Wound haematoma following defibrillator implantation: incidence and predictors in the Shockless Implant Evaluation (SIMPLE) trial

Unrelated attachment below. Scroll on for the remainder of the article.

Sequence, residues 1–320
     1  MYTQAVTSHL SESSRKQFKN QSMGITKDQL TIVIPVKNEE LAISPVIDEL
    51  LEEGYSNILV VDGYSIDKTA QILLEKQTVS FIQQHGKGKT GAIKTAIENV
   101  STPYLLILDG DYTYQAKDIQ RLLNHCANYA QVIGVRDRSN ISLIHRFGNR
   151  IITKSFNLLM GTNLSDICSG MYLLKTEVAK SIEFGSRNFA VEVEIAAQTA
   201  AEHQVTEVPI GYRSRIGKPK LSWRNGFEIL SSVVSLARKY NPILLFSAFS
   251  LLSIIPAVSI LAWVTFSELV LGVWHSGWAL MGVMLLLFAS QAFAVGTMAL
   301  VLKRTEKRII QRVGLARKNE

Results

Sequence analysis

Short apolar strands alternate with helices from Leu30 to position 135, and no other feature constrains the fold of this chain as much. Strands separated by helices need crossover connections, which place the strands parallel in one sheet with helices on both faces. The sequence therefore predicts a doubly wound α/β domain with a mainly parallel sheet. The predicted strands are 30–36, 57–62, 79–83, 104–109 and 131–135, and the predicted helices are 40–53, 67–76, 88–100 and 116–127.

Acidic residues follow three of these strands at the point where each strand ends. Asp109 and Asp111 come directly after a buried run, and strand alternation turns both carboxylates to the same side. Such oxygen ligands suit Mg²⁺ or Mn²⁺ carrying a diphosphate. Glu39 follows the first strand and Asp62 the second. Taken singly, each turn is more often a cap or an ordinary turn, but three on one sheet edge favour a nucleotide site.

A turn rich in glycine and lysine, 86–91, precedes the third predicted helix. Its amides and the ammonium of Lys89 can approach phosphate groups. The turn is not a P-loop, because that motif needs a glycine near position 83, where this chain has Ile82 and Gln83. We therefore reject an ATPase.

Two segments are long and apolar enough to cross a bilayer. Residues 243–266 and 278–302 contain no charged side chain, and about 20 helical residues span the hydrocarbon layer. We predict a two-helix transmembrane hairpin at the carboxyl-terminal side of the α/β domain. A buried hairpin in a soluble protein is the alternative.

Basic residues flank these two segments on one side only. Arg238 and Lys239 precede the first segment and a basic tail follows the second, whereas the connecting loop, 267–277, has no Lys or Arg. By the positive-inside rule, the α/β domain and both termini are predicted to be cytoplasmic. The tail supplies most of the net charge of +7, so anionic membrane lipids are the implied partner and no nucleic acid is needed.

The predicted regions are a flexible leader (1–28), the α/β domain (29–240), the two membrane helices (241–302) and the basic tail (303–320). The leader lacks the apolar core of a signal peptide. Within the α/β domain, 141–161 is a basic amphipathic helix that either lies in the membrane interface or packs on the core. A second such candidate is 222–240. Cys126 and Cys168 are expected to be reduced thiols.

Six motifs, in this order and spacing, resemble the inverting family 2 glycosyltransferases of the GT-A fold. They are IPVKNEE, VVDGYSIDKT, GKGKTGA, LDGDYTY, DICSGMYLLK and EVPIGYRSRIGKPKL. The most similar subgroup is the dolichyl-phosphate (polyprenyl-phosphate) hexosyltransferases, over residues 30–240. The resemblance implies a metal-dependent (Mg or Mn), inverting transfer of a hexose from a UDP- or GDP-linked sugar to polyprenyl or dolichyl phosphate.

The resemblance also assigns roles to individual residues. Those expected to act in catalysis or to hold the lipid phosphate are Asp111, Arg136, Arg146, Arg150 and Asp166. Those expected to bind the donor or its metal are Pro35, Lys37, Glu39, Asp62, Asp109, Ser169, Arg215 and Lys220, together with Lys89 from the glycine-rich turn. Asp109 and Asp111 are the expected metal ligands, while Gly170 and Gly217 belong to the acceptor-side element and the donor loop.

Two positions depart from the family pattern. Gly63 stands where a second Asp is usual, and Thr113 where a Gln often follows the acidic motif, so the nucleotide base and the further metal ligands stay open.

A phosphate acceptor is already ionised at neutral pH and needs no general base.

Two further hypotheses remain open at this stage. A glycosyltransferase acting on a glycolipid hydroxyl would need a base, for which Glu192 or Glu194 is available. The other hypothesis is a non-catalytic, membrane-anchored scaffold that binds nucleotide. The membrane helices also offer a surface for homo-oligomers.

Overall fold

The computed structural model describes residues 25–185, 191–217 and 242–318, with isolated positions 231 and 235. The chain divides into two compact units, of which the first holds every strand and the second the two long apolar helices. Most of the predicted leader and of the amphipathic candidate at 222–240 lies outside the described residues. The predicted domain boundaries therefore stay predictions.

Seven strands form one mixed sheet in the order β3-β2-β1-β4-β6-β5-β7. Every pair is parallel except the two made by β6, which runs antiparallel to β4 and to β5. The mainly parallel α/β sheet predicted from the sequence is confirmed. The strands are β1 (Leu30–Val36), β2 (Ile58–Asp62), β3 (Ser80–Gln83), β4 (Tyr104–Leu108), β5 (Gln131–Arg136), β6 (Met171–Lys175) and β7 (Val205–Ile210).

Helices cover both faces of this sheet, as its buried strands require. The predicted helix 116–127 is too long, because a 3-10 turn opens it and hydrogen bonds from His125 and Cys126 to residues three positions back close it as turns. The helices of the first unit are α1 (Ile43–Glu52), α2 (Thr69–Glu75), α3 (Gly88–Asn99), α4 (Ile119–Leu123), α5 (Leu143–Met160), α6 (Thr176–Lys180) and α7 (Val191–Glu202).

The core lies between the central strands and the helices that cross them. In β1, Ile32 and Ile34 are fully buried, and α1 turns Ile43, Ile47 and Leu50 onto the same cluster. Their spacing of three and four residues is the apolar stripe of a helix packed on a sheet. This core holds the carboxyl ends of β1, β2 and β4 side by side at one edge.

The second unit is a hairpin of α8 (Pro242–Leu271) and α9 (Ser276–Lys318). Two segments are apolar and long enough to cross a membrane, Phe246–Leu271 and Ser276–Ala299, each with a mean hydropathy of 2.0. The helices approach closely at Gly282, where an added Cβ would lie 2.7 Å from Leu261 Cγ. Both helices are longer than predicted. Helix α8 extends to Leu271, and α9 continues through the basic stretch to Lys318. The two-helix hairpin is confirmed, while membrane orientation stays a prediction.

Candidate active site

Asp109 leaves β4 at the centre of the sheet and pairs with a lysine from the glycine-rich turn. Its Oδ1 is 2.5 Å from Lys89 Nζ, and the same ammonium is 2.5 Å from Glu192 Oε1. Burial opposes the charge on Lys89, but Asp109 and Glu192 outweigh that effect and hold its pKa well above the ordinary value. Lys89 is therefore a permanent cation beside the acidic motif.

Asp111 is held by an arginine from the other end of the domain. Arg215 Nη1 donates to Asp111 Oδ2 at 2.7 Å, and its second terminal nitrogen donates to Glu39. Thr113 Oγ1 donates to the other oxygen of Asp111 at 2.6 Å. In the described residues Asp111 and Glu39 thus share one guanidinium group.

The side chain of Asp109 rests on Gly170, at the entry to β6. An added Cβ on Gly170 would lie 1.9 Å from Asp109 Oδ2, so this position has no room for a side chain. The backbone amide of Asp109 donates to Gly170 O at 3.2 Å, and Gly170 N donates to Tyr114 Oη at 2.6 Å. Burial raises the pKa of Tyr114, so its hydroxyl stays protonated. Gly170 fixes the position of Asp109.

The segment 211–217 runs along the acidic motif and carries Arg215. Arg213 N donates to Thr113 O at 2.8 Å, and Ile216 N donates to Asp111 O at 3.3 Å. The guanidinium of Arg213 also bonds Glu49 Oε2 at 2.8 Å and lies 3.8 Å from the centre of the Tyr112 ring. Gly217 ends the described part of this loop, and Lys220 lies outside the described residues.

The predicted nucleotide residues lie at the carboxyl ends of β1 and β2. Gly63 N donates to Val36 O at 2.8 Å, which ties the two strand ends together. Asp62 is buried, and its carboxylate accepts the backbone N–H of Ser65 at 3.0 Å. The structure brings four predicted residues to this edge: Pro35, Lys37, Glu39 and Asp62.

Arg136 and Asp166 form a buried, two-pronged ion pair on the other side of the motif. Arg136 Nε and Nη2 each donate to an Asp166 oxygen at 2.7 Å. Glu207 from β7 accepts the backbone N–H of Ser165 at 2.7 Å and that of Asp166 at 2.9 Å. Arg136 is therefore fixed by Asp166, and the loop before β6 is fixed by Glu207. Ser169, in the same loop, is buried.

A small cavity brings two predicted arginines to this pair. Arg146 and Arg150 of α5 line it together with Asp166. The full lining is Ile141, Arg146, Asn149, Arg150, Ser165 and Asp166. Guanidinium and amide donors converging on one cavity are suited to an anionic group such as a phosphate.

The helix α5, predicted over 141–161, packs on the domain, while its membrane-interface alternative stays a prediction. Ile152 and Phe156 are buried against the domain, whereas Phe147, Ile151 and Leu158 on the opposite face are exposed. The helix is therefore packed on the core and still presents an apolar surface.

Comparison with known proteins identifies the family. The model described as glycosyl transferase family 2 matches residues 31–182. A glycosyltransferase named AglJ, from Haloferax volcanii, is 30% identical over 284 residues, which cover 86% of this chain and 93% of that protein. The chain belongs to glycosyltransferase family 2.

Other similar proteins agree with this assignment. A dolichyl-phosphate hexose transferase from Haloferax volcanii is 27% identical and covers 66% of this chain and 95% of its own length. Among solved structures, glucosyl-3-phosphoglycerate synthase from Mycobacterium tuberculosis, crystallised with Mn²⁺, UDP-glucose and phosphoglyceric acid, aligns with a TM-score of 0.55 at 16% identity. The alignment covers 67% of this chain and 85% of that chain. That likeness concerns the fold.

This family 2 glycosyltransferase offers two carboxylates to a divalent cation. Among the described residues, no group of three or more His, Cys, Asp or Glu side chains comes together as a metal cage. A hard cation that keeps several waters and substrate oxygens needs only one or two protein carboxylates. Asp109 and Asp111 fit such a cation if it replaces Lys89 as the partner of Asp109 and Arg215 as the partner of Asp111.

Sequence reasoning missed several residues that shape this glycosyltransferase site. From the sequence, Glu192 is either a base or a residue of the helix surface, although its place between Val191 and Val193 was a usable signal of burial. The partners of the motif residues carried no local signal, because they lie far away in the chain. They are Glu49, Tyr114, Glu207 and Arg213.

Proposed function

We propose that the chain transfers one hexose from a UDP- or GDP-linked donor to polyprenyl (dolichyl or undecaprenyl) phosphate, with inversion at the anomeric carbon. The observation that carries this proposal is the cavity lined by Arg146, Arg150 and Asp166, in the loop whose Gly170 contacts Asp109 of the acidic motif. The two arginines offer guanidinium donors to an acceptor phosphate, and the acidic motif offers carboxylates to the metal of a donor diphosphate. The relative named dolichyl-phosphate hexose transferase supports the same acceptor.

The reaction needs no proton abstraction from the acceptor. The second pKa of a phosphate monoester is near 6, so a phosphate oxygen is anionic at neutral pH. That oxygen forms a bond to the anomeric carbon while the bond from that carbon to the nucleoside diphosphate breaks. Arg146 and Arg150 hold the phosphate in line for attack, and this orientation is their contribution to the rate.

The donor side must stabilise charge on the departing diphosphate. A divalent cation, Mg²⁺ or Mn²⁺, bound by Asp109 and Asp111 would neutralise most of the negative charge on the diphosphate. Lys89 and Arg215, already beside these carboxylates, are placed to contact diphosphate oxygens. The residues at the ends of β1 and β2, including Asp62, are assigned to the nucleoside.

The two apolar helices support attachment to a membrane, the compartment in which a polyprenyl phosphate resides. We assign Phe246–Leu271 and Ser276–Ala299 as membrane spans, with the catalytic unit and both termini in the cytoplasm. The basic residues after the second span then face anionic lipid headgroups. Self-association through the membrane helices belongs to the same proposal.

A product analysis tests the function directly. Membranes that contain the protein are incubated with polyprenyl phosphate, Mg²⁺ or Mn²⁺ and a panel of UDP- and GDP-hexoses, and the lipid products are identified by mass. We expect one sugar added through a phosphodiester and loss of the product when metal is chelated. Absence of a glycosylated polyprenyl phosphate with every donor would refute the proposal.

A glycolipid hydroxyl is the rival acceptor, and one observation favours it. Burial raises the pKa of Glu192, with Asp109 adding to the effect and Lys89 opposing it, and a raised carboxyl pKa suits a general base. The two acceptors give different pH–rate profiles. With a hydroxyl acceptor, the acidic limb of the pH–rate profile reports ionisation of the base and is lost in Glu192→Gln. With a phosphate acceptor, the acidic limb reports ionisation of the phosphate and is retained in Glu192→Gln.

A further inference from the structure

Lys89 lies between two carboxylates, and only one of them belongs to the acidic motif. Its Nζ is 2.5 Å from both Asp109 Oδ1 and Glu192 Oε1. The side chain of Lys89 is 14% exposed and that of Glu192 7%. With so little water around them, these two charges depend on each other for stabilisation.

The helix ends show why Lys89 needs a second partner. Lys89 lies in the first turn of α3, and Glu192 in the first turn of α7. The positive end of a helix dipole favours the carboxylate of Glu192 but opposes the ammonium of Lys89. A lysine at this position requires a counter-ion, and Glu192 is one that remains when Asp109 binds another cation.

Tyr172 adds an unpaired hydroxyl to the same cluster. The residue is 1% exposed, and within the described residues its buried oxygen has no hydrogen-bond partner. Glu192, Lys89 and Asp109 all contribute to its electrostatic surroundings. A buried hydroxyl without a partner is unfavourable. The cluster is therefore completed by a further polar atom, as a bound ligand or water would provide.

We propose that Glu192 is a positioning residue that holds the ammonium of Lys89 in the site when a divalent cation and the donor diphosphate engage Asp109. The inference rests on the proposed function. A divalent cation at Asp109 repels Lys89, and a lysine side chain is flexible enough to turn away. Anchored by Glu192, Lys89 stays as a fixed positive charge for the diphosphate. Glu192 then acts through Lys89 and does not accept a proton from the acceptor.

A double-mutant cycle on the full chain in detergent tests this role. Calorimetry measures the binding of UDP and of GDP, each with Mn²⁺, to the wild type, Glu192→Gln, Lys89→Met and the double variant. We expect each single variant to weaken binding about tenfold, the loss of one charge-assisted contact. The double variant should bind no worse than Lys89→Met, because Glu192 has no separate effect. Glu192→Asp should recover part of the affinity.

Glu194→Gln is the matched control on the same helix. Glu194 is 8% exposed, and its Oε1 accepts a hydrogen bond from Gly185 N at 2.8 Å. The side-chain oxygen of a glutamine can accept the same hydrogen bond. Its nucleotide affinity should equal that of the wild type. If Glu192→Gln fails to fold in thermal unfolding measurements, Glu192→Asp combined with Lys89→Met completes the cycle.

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AIMS: Pocket haematoma is a common complication after defibrillator [implantable cardioverter defibrillator (ICD)] implantation, which is not only painful, but also increases the risk of device-related infection, and possibly embolic events. The present study seeks to evaluate the rate and predictors of clinically significant pocket haematoma. METHODS AND RESULTS: This study included 2500 patients receiving an ICD in the SIMPLE trial. A clinically significant pocket haematoma was defined as a haematoma that required re-operation or interruption of oral anticoagulation (OAC) therapy. Clinically significant pocket haematoma occurred in 56 of 2500 patients (2.2%) of which 6 (10.7%) developed device-related infection. Patients who developed pocket haematoma were older (mean age 67.6 ± 8.8 years vs. 62.7 ± 11.6 years, P < 0.001), were more likely to have permanent atrial fibrillation (30.4 vs. 6.7%, P < 0.001) and a history of stroke (17.9 vs. 6.7%, P = 0.004), or were more likely to receive peri-operative OAC (50.0 vs. 28.4%, P < 0.001), unfractionated heparin (16.1 vs. 5.2%, P = 0.003), or low-molecular-weight heparin (37.5 vs. 17.5%, P < 0.001). Independent predictors of wound haematoma on multivariable analysis included the use of heparin bridging (OR 2.65, 95% CI 1.48-4.73, P = 0.001), sub-pectoral location of ICD (OR 2.00, 95% CI 1.12-3.57, P =0.020), previous stroke (OR 2.47, 95% CI 1.20-5.10, P = 0.015), an upgrade from permanent pacemaker (OR 2.52, 95% CI 1.07-5.94, P = 0.035), and older age (OR 1.03, 95% CI 1.00-1.06, P = 0.049). CONCLUSION: Pocket haematoma remains an important complication of ICD implantation and is associated with a high risk of infection. Independent predictors of pocket haematoma include heparin bridging, prior stroke, sub-pectoral placement of ICD, older age, and upgrade from a pacemaker.
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